As somebody whose own awareness of African culture (and I suspect many other UK film fans of a certain generation) is limited to Euan Lloyd’s Boys Own adventure THE WILD GEESE (1978), it is fitting and timely that people are about to get a real sense of the real Africa through a wonderful new, perceptive and enlightening documentary. It is scheduled to be shown as part of a mini-film festival this month through Aya Distribution, REBEL WITH A CAMERA – THE CINEMA OF OUSMANE SEMBENE, which is commemorating screenings of the late great ‘Father of African Cinema’ alongside this analysis of the director, with screenings of some of his key films also being shown at venues across the UK.
BLACK GIRL (1966), XALA (1974) and MOOLAADE (2004) form the basis for the event, and all have considerable potential to reignite a thoughtful and powerful debate amongst film-makers and writers of all cultures.
When somebody like Scorsese places him alongside Cecil B. De Mille and Alfred Hitchcock as someone ‘we are all walking in their footsteps’ to, you do have an obligation to at least see what the American director legend means.
Co-directed by Sembene’s official biographer, Samba Gadjigo, with Jason Silverman, I cannot think of a more fitting expose of the creative journey of an individual who, after being expelled from school, moved to Marseilles and – after suffering a back accident which laid him on his belly for six months – used his time and opportunity to read and discover the black writers and artists of both Africa and the world. SEMBENE is a movie that reveals as much of the creative heart, as it does the contradiction of a maverick not just in the African creative community, but also across the world. The most notable contradiction comes in the form of an episode where Sembene used funds intended for another film-maker to make a movie about a particularly sobering moment in African history and then made the same kind of film.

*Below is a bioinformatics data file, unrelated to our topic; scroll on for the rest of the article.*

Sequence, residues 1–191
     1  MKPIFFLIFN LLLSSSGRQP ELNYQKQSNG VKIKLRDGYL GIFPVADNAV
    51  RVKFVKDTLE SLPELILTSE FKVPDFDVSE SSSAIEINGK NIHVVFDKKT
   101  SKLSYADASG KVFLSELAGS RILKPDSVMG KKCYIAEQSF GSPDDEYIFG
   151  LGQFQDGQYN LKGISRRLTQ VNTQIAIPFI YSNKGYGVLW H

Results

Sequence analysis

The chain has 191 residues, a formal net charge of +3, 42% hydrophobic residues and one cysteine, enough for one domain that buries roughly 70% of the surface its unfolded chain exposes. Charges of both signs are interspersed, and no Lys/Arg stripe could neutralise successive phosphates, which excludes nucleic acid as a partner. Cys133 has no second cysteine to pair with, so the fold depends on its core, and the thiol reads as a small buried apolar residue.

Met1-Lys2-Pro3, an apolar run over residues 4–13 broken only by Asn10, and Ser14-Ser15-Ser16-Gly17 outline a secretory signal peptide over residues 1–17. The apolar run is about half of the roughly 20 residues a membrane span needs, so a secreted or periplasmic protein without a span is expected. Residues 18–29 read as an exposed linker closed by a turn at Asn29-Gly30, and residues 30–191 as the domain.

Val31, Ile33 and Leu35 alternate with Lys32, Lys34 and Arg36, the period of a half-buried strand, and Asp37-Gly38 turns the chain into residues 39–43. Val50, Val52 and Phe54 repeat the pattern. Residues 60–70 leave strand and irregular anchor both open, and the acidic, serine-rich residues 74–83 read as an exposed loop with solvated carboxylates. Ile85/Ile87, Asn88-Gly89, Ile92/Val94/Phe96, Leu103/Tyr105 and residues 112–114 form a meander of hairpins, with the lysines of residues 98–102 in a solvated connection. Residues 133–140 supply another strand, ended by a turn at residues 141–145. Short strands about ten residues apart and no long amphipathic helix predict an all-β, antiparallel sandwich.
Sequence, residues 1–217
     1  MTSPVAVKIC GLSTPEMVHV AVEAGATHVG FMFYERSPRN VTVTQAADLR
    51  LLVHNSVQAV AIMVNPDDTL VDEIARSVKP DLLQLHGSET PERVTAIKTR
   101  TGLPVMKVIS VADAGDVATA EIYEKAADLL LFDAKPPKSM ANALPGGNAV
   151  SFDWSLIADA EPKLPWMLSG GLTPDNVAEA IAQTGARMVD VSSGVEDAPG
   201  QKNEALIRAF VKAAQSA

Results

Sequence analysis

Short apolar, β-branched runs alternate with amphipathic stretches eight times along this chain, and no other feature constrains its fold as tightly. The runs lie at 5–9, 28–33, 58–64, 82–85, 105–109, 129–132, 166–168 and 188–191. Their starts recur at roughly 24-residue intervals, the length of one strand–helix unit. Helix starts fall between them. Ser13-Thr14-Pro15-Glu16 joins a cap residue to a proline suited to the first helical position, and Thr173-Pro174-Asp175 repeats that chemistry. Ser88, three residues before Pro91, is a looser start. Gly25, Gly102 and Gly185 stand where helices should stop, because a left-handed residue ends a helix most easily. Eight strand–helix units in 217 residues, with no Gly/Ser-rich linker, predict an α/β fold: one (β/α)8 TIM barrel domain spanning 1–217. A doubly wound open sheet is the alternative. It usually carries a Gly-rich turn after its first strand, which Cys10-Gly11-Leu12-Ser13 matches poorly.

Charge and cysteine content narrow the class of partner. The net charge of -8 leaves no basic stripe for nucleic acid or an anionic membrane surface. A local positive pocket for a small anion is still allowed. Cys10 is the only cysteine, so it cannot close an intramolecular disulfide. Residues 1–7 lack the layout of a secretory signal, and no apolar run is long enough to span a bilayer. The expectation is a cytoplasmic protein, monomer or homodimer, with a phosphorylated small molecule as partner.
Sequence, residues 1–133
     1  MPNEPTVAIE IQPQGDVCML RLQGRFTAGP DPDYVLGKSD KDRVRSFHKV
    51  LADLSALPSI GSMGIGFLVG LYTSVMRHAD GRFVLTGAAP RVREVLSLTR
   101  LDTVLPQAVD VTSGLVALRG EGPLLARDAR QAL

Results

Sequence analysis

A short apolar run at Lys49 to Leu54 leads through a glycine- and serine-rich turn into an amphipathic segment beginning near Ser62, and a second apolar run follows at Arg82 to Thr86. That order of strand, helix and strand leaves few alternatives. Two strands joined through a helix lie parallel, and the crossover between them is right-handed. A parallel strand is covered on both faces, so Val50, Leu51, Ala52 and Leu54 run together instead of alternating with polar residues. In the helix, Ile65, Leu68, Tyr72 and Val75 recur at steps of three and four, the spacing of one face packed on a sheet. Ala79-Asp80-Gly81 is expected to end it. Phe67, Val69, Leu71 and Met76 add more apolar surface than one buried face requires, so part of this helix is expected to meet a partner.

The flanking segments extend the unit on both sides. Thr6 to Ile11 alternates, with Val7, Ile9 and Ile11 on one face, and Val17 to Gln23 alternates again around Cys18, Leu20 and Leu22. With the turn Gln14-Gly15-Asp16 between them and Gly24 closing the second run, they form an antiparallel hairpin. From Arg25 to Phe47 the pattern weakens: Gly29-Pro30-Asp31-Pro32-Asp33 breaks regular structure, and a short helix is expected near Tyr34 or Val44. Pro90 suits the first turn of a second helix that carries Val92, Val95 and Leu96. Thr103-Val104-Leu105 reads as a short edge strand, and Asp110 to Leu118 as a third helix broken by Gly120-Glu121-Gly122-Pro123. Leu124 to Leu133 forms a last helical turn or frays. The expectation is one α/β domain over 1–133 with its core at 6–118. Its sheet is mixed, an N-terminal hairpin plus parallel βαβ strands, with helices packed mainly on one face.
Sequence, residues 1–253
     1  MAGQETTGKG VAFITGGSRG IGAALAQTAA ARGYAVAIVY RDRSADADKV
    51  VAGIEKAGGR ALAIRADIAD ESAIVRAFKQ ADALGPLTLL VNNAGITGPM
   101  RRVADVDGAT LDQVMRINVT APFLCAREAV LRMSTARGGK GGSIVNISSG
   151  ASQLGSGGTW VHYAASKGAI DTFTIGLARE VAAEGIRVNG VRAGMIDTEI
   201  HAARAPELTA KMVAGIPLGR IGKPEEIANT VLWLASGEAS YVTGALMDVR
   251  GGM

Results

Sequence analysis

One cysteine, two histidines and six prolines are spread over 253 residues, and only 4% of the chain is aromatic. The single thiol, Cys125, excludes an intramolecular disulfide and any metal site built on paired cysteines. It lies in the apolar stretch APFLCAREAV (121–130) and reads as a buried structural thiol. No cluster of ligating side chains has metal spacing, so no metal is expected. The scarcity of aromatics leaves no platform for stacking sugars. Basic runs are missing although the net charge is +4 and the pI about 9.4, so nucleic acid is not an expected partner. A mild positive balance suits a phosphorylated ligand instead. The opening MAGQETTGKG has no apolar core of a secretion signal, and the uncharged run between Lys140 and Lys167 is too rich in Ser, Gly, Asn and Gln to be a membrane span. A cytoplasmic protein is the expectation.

Sembene’s struggles mirror in some ways the likes of Hollywood mavericks like Sam Peckinpah, whose own output was spurned by the establishment, particularly with his masterpiece THE WILD BUNCH (1969), which in time redefined the art of montage and violence in films. Sembene’s own output was banned for some time by the French and African governments, but in time became a greater voice in the global consciousness, endorsed by the likes of Spike Lee and Danny Glover, who had to fight for their own place in the industry.
Having just had the pleasure of watching Noah Baumbach and Jake Paltrow’s excellent documentary DE PALMA, which reveals more in 107 minutes about film-making (and probably saves thousands of pounds in student fees for potential film school attendees), SEMBENE is another classic in the making – and a film that all students and lovers of film, regardless of sex, gender, race or culture, should seek out. Like the legacy which Gadjigo is trying to preserve (with heart-rending images of rusty film cans on show early on in the film), it is up to everyone to give this film a chance – and to really embrace and appreciate what a true voice of individuality was trying to create in a culture divided and united by the political and emotion changes that constantly rage throughout. It also has something significant to say about the uncertainty brought on by recent terrorism factions.
Review by John Higgins